I scheduled an interview on campus for Monday morning. I arrived with about 45 minutes to spare, and spent the time going through my notes over a coffee in a Haas cafe, Fifo. I made my way to the admissions office ten minutes before the interview, and settled in waiting to be called.
Since the interview was scheduled on campus, I was expecting to be interviewed by an Admissions rep. I was a bit surprised when a student sitting in the chair next to me got up on the hour and headed my way to introduce herself. Lauren was really friendly, and she almost immediately mentioned that she is an alumna of my current company, so I felt at ease right away. We found a room, settled in, and began the conversation.
The questions were exactly the kind that you would expect from an MBA interview:
-Tell me about a time you had to act on someone's feedback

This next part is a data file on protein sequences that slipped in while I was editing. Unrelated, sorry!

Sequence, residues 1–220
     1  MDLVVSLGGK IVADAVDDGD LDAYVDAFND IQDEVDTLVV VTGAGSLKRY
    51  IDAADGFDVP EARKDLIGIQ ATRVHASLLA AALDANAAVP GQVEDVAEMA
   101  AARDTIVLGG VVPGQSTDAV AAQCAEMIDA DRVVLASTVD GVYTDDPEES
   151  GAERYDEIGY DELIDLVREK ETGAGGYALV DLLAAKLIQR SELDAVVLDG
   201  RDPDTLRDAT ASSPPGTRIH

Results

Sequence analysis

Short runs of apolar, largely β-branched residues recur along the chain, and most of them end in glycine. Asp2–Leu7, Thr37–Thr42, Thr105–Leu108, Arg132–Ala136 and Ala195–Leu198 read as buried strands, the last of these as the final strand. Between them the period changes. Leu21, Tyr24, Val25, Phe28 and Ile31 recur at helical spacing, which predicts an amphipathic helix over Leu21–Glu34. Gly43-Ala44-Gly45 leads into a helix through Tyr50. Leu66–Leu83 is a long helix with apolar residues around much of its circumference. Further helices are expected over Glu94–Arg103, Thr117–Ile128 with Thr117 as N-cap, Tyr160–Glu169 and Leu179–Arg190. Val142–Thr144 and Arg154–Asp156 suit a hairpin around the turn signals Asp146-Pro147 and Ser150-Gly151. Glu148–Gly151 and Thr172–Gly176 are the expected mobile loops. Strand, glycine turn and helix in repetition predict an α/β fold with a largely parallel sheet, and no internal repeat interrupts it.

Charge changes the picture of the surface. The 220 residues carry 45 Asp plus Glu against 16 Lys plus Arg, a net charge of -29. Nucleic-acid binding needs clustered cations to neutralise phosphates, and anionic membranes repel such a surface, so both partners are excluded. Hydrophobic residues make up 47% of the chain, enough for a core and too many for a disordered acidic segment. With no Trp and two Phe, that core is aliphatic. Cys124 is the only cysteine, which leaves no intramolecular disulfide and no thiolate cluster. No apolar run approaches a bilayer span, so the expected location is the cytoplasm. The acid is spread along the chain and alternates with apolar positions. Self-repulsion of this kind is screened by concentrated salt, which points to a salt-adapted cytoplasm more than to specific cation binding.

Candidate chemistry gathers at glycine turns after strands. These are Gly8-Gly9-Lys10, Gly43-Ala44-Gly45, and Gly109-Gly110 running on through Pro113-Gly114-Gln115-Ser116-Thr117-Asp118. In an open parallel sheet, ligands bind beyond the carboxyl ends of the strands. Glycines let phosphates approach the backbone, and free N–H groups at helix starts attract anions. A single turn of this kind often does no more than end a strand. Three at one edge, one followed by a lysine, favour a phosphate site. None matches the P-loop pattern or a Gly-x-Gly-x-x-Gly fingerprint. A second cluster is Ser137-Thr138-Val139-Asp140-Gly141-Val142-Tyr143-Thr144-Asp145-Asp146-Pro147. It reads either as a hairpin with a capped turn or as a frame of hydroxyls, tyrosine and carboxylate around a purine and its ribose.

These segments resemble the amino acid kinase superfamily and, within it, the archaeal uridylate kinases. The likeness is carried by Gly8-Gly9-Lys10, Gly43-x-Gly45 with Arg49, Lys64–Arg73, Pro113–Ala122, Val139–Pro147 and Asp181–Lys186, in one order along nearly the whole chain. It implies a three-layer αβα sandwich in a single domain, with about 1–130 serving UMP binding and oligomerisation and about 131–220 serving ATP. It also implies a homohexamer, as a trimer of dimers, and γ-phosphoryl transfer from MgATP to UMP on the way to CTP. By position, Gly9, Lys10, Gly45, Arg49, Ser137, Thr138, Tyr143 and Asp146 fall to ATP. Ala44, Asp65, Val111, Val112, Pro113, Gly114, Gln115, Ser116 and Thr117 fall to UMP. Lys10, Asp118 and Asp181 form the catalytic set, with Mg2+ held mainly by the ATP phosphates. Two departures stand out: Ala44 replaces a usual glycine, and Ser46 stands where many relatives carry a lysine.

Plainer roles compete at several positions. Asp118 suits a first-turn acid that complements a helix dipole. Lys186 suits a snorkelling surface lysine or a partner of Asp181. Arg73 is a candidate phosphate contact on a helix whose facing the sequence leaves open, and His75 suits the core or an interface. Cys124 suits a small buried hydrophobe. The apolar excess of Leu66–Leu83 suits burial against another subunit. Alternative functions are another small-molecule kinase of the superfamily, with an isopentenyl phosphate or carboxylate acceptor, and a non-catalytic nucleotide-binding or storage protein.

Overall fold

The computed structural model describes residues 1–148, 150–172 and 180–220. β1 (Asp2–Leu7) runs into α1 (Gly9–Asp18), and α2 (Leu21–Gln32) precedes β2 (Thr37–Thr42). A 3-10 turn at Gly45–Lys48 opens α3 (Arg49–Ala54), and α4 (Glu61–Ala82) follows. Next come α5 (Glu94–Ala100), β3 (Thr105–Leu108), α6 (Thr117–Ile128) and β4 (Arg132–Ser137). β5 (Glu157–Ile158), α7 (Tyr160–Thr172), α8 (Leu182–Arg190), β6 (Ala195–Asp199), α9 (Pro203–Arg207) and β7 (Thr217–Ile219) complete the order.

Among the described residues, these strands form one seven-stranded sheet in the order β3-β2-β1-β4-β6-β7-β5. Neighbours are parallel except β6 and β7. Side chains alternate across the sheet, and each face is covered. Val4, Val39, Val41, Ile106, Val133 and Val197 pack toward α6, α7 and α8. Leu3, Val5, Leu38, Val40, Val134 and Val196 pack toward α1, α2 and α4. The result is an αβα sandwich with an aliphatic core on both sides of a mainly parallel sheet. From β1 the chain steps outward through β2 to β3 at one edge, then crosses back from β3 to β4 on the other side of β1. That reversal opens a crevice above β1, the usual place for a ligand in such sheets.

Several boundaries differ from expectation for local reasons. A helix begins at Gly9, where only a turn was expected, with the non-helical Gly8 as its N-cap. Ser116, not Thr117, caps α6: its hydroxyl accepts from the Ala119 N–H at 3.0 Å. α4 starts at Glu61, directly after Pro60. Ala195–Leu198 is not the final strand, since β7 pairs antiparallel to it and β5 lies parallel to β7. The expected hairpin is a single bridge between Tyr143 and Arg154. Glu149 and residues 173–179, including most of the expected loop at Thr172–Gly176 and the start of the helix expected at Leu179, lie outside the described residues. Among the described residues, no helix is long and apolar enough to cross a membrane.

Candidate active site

-What are you most proud of?
(at this point, I mentioned that I moved to the States when I was 14, and I was very proud of how much I have achieved so far)
-As a follow up to the story, what was it that allowed you to succeed at that?
-Tell me about a time you had to deal with a difficult situation on a team
-Tell me about a time you took a risk
-Tell me about one thing that is not on your resume
Overall, the interview felt very conversational and not at all stressful. I am sure it did help that after my MIT Sloan interview a month earlier, I replayed the interview in my head over and over again, analyzing everything I said, so I was well prepared for the questions. And of course, having an MIT Sloan acceptance in the pocket was a huge confidence booster.
As far as advice goes, I cannot stress enough doing your research. Using specific examples (i.e., the Experimental learning project in Zambia sounds really interesting because...) will make the conversation standout, as opposed to a generic "Haas has interesting classes." And last, but not least - be yourself!